None, the amendment adds clarification only, second-hand equipment currently does not require Customs Union Approval.
EMC
(TR TC 020/2011);
Safety
(TR CU 004/2011)
Languages other than Russian may be used for measurement units, trademarks consisting of letters, country of origin, and other names and data listed in accompanying documents The amendment would allow mentioned details to be listed in foreign language going forward。
EMC
(TR TC 020/2011);
Safety
(TR CU 004/2011)
Mandatory information required to be listed in accompanying documents can now be listed on the equipment itself or its packaging if space allows it. Manufacturers will have a choice to either list mandatory information about the product in the accompanying documents or on the equipment itself, or its packaging (if there is sufficient space).
EMC
(TR TC 020/2011);
Safety
(TR CU 004/2011)
Scope of technical equipment* connecting to personal computers was narrowed to “Home and Office use” only. Previously, no purpose of use was identified in the regulation.
*Such technical equipment includes: scanners, printers, copiers, multi-function devices, monitors, uninterruptible power supplies, active loudspeaker enclosures, multimedia projectors.
The amendment will allow manufacturers to follow the Declaration scheme (simplified procedure) instead of Certification scheme for technical equipment connecting to personal computers that are neither for home or office use.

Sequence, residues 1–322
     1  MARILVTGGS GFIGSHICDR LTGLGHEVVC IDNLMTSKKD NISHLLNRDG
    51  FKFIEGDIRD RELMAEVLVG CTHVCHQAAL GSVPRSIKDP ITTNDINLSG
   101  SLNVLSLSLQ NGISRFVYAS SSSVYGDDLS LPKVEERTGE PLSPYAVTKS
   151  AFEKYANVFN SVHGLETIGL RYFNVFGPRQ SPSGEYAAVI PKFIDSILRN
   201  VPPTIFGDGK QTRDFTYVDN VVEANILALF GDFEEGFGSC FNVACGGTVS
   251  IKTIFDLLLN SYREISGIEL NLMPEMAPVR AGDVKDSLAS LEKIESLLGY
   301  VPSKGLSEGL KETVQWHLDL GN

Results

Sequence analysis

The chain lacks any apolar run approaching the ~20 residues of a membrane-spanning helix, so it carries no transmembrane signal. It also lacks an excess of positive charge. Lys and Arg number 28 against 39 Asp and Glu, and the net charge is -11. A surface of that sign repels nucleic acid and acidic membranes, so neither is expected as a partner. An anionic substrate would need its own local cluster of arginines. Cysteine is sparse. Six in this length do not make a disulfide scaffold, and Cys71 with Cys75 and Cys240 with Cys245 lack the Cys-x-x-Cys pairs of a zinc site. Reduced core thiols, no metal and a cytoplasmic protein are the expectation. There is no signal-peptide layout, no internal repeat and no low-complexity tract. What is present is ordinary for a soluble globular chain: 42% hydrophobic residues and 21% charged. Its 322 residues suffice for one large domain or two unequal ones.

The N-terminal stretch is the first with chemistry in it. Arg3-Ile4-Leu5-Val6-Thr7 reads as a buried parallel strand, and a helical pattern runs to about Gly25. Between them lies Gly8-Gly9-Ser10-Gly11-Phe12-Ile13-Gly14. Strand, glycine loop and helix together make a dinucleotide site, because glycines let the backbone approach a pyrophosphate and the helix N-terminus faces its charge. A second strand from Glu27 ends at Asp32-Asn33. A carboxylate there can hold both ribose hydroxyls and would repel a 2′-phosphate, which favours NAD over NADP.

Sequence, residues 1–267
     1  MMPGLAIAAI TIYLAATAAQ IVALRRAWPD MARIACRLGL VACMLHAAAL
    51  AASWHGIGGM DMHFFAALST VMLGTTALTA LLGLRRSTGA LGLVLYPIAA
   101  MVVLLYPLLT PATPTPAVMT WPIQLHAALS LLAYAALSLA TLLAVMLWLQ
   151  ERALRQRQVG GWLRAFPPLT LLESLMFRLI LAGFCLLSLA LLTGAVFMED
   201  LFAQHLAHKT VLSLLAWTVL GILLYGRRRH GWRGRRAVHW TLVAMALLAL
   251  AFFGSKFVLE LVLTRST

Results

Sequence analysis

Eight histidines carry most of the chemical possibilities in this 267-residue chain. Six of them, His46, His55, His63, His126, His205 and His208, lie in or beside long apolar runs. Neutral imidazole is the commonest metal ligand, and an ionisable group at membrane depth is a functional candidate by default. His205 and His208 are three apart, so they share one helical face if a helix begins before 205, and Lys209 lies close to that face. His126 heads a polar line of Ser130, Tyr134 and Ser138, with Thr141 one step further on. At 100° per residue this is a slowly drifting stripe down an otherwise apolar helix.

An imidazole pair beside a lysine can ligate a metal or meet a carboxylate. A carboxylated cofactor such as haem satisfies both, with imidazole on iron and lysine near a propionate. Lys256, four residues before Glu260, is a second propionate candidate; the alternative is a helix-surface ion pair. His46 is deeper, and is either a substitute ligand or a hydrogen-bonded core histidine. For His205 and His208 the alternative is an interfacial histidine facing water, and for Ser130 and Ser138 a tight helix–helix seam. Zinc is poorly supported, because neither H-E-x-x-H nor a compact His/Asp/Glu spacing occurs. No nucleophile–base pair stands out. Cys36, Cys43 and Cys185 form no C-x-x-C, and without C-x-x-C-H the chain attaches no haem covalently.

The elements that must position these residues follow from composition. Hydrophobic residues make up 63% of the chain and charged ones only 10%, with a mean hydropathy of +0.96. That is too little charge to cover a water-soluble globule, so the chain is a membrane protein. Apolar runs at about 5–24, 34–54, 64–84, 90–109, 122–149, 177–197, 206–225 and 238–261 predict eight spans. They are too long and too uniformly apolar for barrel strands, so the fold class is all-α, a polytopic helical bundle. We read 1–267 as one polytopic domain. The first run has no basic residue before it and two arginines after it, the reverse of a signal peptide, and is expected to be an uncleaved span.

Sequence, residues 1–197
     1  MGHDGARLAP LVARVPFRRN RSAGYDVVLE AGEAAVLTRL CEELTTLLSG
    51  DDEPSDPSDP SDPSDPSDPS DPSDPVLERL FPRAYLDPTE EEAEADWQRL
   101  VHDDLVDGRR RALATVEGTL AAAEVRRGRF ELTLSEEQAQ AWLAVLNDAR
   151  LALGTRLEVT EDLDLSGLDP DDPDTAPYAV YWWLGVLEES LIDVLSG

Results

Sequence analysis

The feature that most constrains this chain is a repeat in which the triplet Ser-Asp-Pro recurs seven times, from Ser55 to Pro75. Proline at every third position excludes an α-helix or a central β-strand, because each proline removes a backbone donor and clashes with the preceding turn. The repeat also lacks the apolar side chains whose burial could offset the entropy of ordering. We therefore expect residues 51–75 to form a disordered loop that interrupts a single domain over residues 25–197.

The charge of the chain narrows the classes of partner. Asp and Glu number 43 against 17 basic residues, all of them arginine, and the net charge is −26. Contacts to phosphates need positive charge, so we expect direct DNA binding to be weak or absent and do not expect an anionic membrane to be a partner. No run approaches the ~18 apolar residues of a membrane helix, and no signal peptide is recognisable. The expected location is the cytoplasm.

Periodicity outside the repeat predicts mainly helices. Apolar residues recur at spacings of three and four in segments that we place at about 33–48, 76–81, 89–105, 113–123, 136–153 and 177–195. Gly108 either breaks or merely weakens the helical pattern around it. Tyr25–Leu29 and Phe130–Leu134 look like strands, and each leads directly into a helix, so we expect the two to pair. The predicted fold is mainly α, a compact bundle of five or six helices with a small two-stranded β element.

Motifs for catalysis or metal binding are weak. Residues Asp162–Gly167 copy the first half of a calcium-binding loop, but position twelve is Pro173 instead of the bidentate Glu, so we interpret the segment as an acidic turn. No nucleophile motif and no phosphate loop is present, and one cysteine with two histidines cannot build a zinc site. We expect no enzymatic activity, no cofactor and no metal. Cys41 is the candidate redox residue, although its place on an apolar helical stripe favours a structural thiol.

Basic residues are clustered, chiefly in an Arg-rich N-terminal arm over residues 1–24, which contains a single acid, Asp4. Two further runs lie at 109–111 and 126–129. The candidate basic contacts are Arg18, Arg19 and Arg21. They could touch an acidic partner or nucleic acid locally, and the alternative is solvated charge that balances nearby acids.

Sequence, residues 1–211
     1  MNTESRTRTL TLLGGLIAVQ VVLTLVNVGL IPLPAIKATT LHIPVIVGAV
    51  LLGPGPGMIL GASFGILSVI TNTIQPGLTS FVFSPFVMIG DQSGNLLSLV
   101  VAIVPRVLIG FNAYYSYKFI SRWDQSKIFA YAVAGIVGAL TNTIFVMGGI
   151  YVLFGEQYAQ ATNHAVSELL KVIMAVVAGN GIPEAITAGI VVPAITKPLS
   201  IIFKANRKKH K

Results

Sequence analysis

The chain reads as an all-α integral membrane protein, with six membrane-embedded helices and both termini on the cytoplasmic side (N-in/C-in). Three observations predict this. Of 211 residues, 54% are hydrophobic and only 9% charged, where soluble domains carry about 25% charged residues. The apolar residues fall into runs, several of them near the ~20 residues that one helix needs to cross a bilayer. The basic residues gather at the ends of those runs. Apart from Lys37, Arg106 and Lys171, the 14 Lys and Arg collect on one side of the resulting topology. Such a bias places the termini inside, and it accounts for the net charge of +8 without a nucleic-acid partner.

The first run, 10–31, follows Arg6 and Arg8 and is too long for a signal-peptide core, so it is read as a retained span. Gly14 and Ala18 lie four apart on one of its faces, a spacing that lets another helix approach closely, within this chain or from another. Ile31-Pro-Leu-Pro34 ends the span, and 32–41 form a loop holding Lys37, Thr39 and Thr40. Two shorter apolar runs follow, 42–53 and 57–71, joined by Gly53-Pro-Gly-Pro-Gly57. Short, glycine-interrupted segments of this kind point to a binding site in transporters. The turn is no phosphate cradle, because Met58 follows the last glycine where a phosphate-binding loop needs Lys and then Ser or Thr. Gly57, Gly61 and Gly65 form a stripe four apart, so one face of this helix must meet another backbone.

However, the technical Regulation does not currently provide a definition of “Office Use”, therefore PCS is seeking confirmation on this point from regulator.
EMC
(TR TC 020/2011);
Safety
(TR CU 004/2011)
Scope of products subject to mandatory certification was expanded to include Cash Registering Equipment. None, the amendment adds clarification to Technical regulation only to match the Mandatory Assessment List published by the Commission in 2014.
Safety
(TR CU 004/2011)
Fuses, distribution boards and cable-distributive devices, automatic control devices for household electrical equipment; switches, contactors, starters, remote control units and control panels are included to the list subject to certification scheme None, the amendment adds clarification to the Technical regulation only to match the Mandatory Assessment List published by the Commission in 2014.